Rillettes are best served spread on crackers, toast, or crudite. It also makes a mean sandwich if you feel so inclined. Store it in an airtight container and keep cold. Pack it in your cooler for lunches along the river or make it a part of a fancy charcuterie spread. This smoked fish rillette is packed with flavor and protein, it’s portable, and it's a great way to stretch out some of your finely smoked fish.

Smoked Fish Rillette

Ingredients

  • 1 cup smoked fish, skin and bones removed, flaked
  • ¼ cup labneh, plain whole fat greek yogurt, or sour cream
  • 2 tbsp. lemon juice
  • Zest of 1 lemon
  • 2 tbsp. EVOO
  • 1 tsp. chives, minced
  • ¼ tsp. celery seed
  • 1 tsp. fresh dill, minced
  • White pepper and salt to taste

Also works with

Any flaky fish

Preparation

  1. Combine all ingredients except fish, whisk to mix.
  2. Fold in fish with a fork, mix until evenly coated and texture is “kind of chunky.”
  3. Season with salt and white pepper, store in an airtight container and refrigerate.
  4. Serve with toast, crackers, or crudite.

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Save this recipe

Smoked Fish Rillette

Recipe by: Wade Truong
Smoked Fish Rillette
  • Prep time

    15 minutes

  • Cook time

    -

  • Course

    Small Bites

  • Skill level

    Beginner

  • Season

    All Seasons

  • Serves

    4
Chef’s notes

Rillette is a fancy term for a chunky dip or spread. The most traditional rillettes are made with braised meat and fat-think duck and duck fat or rabbit. Unlike the more refined pâté, rillettes have more texture and a rustic appearance. Both are typically served with some crusty bread, crackers, and accompaniments like mustard and relishes. Although you’ll generally see rillettes made with proteins like waterfowl, fish makes for an excellent base too. For the skeptical, technically speaking, tuna salad is a fish rillette. You can make a fish rillette from just about any fish, smoked or unsmoked, but I prefer a smoked fish rillette for that added layer of flavor.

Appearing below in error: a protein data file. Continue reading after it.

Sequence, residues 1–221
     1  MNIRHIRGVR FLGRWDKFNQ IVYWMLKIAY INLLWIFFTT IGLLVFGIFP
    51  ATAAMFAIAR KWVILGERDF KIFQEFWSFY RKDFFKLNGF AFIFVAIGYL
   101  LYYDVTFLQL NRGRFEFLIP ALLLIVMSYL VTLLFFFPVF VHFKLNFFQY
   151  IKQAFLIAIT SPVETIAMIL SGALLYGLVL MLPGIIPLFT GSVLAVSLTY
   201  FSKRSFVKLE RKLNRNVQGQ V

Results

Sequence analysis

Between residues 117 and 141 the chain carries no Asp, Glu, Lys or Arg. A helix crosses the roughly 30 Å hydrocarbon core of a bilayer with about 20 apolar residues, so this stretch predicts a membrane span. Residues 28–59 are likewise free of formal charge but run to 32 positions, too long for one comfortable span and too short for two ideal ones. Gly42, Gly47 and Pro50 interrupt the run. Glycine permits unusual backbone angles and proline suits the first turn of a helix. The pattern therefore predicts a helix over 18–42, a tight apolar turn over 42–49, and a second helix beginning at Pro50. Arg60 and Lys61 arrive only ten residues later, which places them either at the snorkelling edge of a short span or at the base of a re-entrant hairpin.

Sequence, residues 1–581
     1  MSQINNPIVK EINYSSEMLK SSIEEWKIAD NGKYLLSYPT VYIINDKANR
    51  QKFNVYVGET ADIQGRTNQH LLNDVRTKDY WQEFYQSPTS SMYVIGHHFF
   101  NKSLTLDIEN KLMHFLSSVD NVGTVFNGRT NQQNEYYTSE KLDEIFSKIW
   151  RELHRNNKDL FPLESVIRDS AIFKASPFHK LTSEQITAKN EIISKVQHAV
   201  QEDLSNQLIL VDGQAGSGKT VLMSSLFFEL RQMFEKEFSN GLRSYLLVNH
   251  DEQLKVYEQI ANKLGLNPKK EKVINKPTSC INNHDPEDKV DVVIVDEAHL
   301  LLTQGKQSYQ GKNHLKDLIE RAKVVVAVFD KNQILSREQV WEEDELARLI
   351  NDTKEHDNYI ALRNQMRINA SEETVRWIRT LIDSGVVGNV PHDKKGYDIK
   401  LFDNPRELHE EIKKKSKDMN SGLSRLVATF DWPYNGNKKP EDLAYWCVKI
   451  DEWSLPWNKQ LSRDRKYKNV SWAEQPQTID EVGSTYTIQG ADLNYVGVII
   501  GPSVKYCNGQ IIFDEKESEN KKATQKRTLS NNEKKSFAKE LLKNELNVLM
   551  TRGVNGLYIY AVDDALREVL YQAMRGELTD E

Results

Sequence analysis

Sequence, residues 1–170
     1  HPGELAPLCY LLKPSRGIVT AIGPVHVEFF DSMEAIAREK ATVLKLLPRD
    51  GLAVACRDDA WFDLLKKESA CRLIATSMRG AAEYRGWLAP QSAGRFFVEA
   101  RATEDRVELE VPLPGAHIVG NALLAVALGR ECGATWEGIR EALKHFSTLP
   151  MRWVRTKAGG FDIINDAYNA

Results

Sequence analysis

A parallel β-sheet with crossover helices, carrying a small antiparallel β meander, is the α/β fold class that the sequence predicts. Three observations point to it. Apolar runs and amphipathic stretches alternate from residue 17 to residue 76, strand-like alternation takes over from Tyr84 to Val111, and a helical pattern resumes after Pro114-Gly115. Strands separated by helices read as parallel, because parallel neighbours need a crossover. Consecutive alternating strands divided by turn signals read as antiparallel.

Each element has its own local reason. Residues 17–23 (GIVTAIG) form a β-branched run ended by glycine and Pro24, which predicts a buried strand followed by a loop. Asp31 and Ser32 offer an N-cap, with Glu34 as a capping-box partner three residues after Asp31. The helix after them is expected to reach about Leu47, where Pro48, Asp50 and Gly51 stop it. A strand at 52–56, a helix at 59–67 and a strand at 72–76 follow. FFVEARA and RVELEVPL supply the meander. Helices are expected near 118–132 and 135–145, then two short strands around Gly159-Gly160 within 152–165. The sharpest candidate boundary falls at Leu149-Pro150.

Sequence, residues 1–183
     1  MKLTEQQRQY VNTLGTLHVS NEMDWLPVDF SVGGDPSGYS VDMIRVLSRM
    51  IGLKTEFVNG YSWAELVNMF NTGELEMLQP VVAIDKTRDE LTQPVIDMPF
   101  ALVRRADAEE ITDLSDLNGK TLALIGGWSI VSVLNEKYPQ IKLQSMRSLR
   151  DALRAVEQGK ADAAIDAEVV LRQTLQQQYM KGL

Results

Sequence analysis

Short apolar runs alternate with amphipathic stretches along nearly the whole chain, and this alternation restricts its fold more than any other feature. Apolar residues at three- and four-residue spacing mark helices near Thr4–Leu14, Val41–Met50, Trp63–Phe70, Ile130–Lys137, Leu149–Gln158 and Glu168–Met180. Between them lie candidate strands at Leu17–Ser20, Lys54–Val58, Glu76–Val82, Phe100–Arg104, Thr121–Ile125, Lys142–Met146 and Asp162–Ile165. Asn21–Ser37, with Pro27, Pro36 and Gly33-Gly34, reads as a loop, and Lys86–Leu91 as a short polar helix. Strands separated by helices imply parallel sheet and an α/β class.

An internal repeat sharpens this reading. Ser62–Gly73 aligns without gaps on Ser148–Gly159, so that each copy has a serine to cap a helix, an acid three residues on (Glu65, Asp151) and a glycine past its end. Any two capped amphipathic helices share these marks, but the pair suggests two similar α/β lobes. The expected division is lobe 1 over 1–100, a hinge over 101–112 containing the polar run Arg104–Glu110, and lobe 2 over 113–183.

The core concept is to shred the fish and add some fat. In this recipe, I'm using smoked bluefish, labneh, and olive oil as the main ingredients. You can make this with trout, salmon, mackerel, or any flakey fish. And you can swap out the labneh for sour cream, greek yogurt, or mayo. You could also substitute duck fat or bacon fat in for the olive oil; there are no rules.

For seasoning, I use some fresh dill, lemon, and celery seed to give a classic flavor profile. Shallots and chives add a little texture and a bit of acidity. All you have to do is mix the ingredients, fold in the fish, and season to your liking. I find that using a fork to fold in the fish strikes a good balance between even distribution and mixed texture.

Rillettes are best served spread on crackers, toast, or crudite. It also makes a mean sandwich if you feel so inclined. Store it in an airtight container and keep cold. Pack it in your cooler for lunches along the river or make it a part of a fancy charcuterie spread. This smoked fish rillette is packed with flavor and protein, it’s portable, and it's a great way to stretch out some of your finely smoked fish.

Smoked Fish Rillette

Ingredients

  • 1 cup smoked fish, skin and bones removed, flaked
  • ¼ cup labneh, plain whole fat greek yogurt, or sour cream
  • 2 tbsp. lemon juice
  • Zest of 1 lemon
  • 2 tbsp. EVOO
  • 1 tsp. chives, minced
  • ¼ tsp. celery seed
  • 1 tsp. fresh dill, minced
  • White pepper and salt to taste

Also works with

Any flaky fish

Preparation

  1. Combine all ingredients except fish, whisk to mix.
  2. Fold in fish with a fork, mix until evenly coated and texture is “kind of chunky.”
  3. Season with salt and white pepper, store in an airtight container and refrigerate.
  4. Serve with toast, crackers, or crudite.